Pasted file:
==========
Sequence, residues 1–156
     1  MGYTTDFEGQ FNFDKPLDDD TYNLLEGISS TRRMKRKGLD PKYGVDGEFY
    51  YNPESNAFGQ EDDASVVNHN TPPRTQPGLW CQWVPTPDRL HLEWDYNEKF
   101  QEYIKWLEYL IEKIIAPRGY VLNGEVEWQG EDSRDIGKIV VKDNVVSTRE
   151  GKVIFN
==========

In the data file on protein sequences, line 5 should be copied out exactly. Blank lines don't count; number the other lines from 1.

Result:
   151  GKVIFN